On Thursday, the price of the global oil benchmark, Brent, briefly touched $70 a barrel, which marked the first time oil was in the $70s since 2014. That pushed Brent's price up nearly 30% from where it was at this time last year and more than 50% above where it was this past June. As such, the current price point is well above the mid-$50-a-barrel range that most analysts expected oil would average this year.

On the one hand, that's great news for producers because most have pushed their costs down to the point where they could prosper at $50 a barrel. They should produce a gusher of cash flow this year if oil sticks at this level. The concern, however, is what they plan to do with that windfall. If they use it to drill more wells that then unleash a torrent of oil, it could cause crude to crash again.

An oil pump with a red moon in the background.

Image source: Getty Images.

All eyes are on U.S. shale

While the price of Brent crude touched $70 a barrel, it's worth noting that the U.S. oil price benchmark, WTI, was recently in the low $60s. So drillers in the U.S. aren't receiving as much money per barrel as their global counterparts. That said, the current oil price is plenty for most shale drillers, since many can generate the cash they need to grow at a healthy pace with oil in the mid-$50s.

For example, when Bakken Shale kingpin Continental Resources (CLR) provided an initial glimpse at its 2018 plan in early November, the company modeled its strategy based on oil averaging between $50 and $55 a barrel. In that range, Continental could increase production 15% to 20% this year. Meanwhile, Permian Basin-focused driller Concho Resources' (CXO) current three-year plan is to increase output at a 20% compound annual rate, which it can deliver as long as oil is in the $50s.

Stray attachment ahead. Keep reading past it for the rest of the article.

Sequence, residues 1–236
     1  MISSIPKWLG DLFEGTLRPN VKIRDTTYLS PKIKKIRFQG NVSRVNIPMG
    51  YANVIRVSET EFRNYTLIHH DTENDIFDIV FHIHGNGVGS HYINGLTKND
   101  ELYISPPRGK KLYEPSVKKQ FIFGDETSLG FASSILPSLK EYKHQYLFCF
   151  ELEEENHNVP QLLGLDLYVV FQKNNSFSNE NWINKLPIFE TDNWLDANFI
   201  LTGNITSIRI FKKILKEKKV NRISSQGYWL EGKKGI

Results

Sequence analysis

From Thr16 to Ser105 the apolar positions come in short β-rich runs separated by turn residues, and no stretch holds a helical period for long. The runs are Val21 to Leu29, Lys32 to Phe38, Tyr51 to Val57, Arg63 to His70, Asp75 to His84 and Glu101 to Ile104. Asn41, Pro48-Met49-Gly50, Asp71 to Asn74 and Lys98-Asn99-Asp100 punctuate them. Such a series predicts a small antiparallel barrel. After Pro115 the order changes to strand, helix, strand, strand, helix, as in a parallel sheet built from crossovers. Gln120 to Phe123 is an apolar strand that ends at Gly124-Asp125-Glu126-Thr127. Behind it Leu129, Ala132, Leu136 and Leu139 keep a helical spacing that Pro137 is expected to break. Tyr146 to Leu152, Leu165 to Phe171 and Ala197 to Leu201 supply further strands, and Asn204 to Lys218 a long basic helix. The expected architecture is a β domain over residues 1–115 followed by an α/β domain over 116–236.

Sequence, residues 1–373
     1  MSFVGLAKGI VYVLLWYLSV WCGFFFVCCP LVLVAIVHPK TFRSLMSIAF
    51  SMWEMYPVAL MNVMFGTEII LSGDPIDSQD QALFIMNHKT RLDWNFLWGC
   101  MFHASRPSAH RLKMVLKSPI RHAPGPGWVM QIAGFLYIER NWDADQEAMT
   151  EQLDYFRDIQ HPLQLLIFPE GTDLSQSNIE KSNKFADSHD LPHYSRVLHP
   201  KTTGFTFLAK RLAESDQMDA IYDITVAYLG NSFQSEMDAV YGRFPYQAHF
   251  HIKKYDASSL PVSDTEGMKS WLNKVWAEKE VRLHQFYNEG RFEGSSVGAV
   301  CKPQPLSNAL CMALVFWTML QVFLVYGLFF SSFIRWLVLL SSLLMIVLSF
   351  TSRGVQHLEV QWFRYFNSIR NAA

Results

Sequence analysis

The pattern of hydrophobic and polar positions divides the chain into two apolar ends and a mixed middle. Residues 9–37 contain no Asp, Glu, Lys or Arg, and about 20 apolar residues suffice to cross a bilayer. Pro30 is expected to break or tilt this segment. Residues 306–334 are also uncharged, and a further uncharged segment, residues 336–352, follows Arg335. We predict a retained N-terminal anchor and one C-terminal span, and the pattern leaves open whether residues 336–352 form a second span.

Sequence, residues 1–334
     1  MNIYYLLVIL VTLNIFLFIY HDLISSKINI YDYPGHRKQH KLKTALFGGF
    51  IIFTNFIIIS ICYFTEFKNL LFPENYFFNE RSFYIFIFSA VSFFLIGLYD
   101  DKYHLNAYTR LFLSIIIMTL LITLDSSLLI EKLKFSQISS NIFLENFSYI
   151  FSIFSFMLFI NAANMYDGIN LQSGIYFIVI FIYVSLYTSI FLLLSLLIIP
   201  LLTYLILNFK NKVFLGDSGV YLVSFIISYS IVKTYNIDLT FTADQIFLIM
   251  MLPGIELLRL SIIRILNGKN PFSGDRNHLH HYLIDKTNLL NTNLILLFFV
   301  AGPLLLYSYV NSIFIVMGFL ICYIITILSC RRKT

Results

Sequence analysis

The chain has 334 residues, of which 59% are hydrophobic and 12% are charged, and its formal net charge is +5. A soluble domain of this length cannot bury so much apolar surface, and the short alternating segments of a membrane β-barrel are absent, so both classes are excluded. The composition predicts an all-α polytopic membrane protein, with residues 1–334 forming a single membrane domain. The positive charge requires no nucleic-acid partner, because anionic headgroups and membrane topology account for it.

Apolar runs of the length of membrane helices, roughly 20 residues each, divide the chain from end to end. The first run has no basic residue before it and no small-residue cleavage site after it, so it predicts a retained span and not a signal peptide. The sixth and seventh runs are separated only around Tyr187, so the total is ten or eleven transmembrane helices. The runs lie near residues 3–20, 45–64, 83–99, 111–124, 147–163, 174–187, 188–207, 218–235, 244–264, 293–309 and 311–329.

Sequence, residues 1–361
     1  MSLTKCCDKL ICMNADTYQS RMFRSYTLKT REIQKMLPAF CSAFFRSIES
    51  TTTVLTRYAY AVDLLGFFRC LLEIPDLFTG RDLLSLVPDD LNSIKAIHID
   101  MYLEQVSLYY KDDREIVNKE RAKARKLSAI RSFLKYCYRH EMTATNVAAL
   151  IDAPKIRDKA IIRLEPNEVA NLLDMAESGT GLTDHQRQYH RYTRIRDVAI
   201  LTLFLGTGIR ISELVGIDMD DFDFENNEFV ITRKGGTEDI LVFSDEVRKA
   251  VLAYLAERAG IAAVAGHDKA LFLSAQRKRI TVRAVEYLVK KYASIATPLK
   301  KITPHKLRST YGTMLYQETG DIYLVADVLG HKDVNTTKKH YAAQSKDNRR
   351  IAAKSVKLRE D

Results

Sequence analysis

Because these and other drillers had been banking on oil being around $55 a barrel, that means their current plans will generate excess cash given where crude is at the moment. They have several options for that money, including paying down debt, buying back stock, initiating or increasing dividends, and drilling more wells. It's that last option that could upset the apple cart, because if too many drillers decide to reinvest all their excess cash into more wells, that incremental oil could weigh on crude prices.

Drilling rigs in the mountains.

Image source: Getty Images.

Drilling down into the industry's current thinking

As things stand right now, most shale drillers haven't yet accelerated their drilling plans due to the recent rebound in oil. One of the few to bolster their budgets in the past few months was Pioneer Natural Resources (PXD 0.87%), which added back $50 million to its spending plan in the third quarter of last year. That partially reversed a $100 million budget reduction in the second quarter due in part to lower oil prices at the time. That said, Pioneer's plan for this incremental money is to use it in drilling but not completing wells, which means it won't immediately result in higher production.

Meanwhile, Continental Resources' stated goal is to use excess cash flow generated in 2018 to pay down debt. The company, which ended last quarter with $6.6 billion in debt, wanted to get that number down to $6 billion in the near term and $5 billion in the long term. Concho Resources, likewise, has been using its excess cash to pay down debt, with it paying off $580 million over the last year, which has helped reduce its annual interest expense by $90 million.

Others have started returning their excess cash to investors. Hess (HES 1.69%), for example, was one of several oil producers to announce a stock repurchase program. In Hess' case, it expects to buy back $500 million in stock this year, while also paying off $500 million in debt and pre-funding a large offshore development. The hope is that more drillers will choose to follow these game plans and use any excess cash to firm up their financial situations or return the money to investors.

Waiting for more clarity on the plan for 2018

While many shale drillers have unveiled preliminary drilling budgets for 2018 calling for moderate growth fueled by a mid-$50 oil price, those plans could change given that crude is now much higher than it was a few months ago. If drillers decide to use the bulk of their newfound windfall on drilling more wells, the incremental production would likely push supply well past demand and could cause crude prices to tumble -- and take oil stocks with them. Investors should focus on top-tier low-cost producers that haven't participated in the recent rally, since they appear to offer the best reward for the risk given the continued uncertainty in the oil market.